Defendants point to Aguilar v. Lerner (2004) 32 Cal.4th 974, in which the plaintiff entered into a retainer agreement with an attorney to obtain a marital dissolution. (Aguilar v. Lerner (2004) 32 Cal.4th 974, 980.) The retainer agreement included an arbitration provision, which the plaintiff initialed without reading. (Ibid.) Following a dispute between the plaintiff and the attorney, the plaintiff brought an action for professional negligence and breach of fiduciary duty. (Ibid.) The attorney petitioned to compel arbitration of the claims, which the trial court granted and ruled that the results of the arbitration would be binding. (Id. at 981.) The attorney prevailed in the arbitration and the trial court entered judgment in her favor. (Ibid.) Following the plaintiff’s appeal of the judgment, the Court of Appeals affirmed. (Ibid.) The California Supreme Court then granted review. (Ibid.)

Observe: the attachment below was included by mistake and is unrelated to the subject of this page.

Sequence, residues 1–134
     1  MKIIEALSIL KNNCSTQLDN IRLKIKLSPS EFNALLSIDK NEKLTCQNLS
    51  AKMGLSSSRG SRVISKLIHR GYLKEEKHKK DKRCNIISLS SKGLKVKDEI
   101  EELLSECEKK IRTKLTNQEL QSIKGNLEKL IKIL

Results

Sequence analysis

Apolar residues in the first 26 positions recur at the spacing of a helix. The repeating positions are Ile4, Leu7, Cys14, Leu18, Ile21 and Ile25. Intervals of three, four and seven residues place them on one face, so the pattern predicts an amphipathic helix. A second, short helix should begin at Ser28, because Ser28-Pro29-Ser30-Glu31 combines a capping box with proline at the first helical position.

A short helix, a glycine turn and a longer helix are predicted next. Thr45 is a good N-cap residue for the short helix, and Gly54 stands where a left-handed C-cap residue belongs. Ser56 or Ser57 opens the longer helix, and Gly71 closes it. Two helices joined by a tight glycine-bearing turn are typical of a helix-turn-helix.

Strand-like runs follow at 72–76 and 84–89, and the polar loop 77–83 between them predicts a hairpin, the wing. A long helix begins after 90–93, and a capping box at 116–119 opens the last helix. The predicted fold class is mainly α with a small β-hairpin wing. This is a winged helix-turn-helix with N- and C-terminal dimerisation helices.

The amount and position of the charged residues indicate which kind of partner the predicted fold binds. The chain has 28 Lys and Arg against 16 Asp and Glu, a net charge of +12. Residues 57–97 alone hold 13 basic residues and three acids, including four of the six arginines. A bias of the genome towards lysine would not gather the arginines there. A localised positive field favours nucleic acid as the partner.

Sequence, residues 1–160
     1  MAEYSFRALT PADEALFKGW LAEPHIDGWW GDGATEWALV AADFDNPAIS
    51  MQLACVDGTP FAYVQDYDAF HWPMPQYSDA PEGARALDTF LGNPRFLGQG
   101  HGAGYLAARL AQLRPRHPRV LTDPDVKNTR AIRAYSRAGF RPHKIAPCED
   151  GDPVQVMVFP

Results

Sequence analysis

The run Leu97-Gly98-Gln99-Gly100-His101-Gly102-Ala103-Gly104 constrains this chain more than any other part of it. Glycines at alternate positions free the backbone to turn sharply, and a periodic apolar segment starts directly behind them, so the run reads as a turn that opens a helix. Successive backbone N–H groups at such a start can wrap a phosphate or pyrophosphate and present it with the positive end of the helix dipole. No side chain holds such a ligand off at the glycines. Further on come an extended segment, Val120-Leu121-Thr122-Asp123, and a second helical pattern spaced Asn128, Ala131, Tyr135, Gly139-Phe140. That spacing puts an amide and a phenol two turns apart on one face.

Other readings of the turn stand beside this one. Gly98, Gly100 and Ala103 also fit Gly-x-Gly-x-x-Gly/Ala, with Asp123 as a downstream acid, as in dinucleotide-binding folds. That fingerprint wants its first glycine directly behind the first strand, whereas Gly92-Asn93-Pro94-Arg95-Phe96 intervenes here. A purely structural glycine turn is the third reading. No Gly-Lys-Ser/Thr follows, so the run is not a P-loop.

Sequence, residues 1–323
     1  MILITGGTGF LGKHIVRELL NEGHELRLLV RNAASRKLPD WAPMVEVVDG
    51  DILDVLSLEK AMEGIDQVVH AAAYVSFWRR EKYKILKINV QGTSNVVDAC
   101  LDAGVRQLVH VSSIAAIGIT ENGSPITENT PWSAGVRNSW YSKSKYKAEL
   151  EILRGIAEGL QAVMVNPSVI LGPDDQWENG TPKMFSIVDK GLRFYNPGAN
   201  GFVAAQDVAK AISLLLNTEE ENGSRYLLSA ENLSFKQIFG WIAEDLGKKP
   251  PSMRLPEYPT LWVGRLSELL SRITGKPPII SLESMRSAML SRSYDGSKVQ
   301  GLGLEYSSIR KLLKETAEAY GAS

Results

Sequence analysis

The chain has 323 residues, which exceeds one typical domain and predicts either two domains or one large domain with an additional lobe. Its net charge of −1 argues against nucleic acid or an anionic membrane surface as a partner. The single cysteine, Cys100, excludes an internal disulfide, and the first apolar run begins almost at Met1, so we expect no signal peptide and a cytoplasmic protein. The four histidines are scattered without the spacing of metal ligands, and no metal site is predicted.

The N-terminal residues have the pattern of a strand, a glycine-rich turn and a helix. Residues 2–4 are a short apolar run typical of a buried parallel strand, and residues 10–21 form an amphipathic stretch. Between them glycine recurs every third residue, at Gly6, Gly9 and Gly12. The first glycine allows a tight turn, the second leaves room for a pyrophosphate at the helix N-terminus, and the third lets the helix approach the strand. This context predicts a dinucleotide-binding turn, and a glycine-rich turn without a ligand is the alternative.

The plaintiff’s argument sought to apply the statutory rights exception to the rule of arbitral finality. Specifically, “that there may be some limited and exceptional circumstances justifying judicial review of an arbitrator’s decision.... Such cases would include those in which granting finality to an arbitrator’s decision would be inconsistent with the protection of a party’s statutory rights.” (Id. at 982 [citing Moncharsh v. Heily & Blase (1992) 3 Cal.4th 1, 32].) The statutory rights to which the plaintiff appealed were set forth in the Mandatory Fee Arbitration Act (“MFAA”), which constitutes a separate and distinct arbitration scheme from the California Arbitration Act (“CAA”). (Id. at 983.) The parties had arbitrated their claims under the CAA.